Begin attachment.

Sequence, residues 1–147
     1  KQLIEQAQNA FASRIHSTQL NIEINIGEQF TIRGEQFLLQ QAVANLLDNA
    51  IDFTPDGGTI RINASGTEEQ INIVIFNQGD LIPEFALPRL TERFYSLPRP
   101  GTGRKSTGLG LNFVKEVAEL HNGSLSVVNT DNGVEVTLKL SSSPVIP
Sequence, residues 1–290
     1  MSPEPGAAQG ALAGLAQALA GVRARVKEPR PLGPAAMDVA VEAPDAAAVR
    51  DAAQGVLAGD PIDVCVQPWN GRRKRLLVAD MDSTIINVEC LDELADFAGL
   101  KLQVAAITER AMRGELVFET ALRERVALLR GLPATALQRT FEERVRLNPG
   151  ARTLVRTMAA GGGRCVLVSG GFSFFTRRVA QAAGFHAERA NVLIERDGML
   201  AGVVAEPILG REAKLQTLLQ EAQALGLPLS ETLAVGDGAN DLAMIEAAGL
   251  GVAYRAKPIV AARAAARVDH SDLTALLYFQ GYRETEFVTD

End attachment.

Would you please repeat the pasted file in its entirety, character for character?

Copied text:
Sequence, residues 1–147
     1  KQLIEQAQNA FASRIHSTQL NIEINIGEQF TIRGEQFLLQ QAVANLLDNA
    51  IDFTPDGGTI RINASGTEEQ INIVIFNQGD LIPEFALPRL TERFYSLPRP
   101  GTGRKSTGLG LNFVKEVAEL HNGSLSVVNT DNGVEVTLKL SSSPVIP
Sequence, residues 1–290
     1  MSPEPGAAQG ALAGLAQALA GVRARVKEPR PLGPAAMDVA VEAPDAAAVR
    51  DAAQGVLAGD PIDVCVQPWN GRRKRLLVAD MDSTIINVEC LDELADFAGL
   101  KLQVAAITER AMRGELVFET ALRERVALLR GLPATALQRT FEERVRLNPG
   151  ARTLVRTMAA GGGRCVLVSG GFSFFTRRVA QAAGFHAERA NVLIERDGML
   201  AGVVAEPILG REAKLQTLLQ EAQALGLPLS ETLAVGDGAN DLAMIEAAGL
   251  GVAYRAKPIV AARAAARVDH SDLTALLYFQ GYRETEFVTD